In between all this working, my dad was incarcerated at the Poston Relocation Center in Arizona. I wrote about this place in Weedflower. He was drafted out of that camp and served as an interpreter in Japan.
But I knew there was another story of the camps, of the men who refused to be drafted, of the men and women who objected—oftentimes strenuously—to their treatment. After Weedflower came out, I felt inside myself a yearning to know more about these others. They too had worked since they were very young. They too were concerned about the future empowerment of their children.
I knew there was a stigma attached to these families who took a different path into the future, who renounced their citizenship, who were deported. This stigma seemed wrong to me. To me, people with very similar self-interests were put under a lot of pressure and ended up on different sides, in different camps, and ultimately in different countries. I’m proud of all of them, both “sides,” of their strength and decency under extreme pressure, and of the different, difficult choices they made. Both Weedflower and A Place to Belong are my love letters to all of them, and to all of us as well, in making the difficult choices we face—soon, now, always.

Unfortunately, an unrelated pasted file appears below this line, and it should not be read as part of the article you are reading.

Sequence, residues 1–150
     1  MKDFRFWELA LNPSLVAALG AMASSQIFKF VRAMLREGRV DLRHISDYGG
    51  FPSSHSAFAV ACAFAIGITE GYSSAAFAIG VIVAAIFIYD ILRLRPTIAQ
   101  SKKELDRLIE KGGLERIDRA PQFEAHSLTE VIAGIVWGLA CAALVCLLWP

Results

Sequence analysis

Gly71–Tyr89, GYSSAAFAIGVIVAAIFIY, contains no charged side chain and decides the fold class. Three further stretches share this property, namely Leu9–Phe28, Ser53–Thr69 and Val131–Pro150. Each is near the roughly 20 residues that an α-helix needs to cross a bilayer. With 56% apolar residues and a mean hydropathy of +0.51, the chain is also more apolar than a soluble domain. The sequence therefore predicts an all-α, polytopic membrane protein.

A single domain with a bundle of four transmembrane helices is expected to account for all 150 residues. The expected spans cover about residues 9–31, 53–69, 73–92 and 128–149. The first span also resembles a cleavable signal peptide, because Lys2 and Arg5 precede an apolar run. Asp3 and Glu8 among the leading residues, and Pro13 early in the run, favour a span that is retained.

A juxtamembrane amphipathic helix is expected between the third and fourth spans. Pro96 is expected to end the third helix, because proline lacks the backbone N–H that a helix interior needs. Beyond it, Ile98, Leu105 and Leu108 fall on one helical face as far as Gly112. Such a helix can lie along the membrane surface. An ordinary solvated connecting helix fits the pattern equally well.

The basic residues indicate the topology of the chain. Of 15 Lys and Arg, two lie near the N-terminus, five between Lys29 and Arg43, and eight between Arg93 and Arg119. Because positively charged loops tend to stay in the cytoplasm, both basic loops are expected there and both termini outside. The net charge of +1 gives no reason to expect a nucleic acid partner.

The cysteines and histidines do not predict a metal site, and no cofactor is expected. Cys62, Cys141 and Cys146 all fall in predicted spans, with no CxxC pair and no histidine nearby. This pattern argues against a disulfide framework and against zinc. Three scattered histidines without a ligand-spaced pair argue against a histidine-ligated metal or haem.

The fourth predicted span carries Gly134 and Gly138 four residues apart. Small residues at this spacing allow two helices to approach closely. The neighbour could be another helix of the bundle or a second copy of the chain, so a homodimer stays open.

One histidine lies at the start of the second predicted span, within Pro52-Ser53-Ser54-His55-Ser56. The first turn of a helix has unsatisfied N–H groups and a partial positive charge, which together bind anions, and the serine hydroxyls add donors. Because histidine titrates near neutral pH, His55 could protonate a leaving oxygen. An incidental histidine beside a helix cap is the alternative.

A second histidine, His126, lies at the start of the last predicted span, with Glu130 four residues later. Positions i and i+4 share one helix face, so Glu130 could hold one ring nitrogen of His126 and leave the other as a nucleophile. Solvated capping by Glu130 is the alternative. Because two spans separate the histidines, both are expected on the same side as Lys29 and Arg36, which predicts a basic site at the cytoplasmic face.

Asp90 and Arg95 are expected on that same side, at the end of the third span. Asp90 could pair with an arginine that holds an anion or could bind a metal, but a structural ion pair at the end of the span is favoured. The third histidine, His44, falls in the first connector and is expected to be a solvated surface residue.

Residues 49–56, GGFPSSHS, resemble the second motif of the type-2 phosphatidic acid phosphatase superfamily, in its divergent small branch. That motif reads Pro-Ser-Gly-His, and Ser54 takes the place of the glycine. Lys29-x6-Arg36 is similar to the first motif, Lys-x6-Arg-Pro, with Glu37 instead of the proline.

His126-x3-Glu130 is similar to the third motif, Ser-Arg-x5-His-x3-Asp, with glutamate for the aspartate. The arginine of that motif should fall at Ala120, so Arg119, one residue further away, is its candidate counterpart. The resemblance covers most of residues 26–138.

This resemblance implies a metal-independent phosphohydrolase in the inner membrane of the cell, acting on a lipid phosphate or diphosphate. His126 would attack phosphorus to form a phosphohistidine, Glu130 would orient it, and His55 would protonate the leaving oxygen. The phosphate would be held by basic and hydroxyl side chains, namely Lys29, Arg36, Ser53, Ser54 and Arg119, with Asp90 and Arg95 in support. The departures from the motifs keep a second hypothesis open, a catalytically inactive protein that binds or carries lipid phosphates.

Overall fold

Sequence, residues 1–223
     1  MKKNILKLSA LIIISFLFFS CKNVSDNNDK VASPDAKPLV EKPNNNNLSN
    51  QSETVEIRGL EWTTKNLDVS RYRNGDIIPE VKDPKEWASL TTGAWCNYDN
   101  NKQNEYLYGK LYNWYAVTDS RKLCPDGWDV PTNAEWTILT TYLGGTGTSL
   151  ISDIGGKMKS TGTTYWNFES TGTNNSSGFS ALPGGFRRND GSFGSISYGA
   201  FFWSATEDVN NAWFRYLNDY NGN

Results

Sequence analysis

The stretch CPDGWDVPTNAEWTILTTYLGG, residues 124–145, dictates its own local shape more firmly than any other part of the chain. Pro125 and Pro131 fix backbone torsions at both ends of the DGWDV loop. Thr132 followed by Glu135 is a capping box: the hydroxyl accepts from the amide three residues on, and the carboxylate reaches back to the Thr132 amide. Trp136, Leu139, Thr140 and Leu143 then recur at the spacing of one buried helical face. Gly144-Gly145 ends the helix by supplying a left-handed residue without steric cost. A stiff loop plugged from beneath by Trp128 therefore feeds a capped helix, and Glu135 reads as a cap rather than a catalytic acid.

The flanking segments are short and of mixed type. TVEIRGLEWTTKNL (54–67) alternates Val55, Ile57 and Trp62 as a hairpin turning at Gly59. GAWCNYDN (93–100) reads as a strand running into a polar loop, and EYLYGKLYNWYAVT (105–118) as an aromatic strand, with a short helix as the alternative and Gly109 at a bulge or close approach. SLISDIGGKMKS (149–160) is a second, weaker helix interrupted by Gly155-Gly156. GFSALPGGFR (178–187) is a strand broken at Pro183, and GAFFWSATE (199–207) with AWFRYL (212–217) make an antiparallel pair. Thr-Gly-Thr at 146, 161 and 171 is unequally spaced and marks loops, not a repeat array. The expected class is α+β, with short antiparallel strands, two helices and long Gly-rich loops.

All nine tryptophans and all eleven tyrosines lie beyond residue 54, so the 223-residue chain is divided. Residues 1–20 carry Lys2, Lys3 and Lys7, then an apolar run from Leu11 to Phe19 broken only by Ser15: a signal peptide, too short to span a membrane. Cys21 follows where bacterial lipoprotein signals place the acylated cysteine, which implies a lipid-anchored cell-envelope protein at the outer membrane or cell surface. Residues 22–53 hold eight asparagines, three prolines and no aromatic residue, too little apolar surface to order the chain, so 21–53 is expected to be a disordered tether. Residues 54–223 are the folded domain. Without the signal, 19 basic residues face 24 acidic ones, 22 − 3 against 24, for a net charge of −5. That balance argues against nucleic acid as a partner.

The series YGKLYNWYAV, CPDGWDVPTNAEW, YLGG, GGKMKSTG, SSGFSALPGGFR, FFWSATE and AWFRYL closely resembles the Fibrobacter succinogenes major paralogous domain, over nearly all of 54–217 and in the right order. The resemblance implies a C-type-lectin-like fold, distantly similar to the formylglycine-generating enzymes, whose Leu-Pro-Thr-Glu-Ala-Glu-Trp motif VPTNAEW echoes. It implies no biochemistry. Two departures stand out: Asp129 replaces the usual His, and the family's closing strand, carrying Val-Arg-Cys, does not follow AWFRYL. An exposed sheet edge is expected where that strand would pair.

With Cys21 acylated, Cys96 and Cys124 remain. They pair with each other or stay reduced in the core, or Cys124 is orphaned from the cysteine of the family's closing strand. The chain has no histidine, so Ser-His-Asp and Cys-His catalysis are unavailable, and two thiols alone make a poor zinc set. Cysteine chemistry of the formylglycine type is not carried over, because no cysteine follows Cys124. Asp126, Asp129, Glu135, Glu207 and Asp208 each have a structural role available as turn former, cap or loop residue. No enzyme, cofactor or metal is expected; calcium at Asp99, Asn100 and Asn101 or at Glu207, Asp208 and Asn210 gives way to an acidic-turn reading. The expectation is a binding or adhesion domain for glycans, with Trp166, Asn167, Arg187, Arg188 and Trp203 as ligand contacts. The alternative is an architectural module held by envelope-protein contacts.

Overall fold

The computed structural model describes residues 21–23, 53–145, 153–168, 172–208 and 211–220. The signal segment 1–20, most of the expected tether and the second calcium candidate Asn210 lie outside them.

California Book Award Acceptance Speech
I’m extremely honored and humbled to be receiving this award that so many great California writers have received in the past. A Place to Belong is a book that means a lot to me. A few years ago in Cudahy, California, I stood in a kitchen where an elderly man was dying. Decades earlier he and his family had been shipped to Tokyo after being released from Tule Lake. He had told me, “Everything the government did was wrong. They knew we weren’t dangerous.” At age 21, he had saved the lives of his younger siblings who were also shipped to Japan. He had given up every dream he’d ever had in order to find a way, in the devastated Tokyo area, to get his family food, to ensure that his younger siblings had a path forward in life. He lied and he stole in Japan to feed his family and to help them go to school, if that was what they wanted. When he regained his U.S. citizenship more than a decade later, he opened an azalea nursery and returned to the honest life of hard work that he’d lived before the war.
His death reminded me of the great scene in the movie Blade Runner, where a replicant feels empathy for his nemesis and decides to save his life, right before he himself dies. The replicant says,
I’ve seen things you people wouldn’t believe.
Attack ships on fire off the shoulder of Orion.
I watched c-beams glitter in the dark
near the Tannhäuser Gate.
All those moments will be lost in time, like tears in rain.
Time to die.
A Place to Belong was my attempt to prevent one particular moment in history from being lost in time like tears in rain. From the bottom of my heart, thank you for this prize and this honor.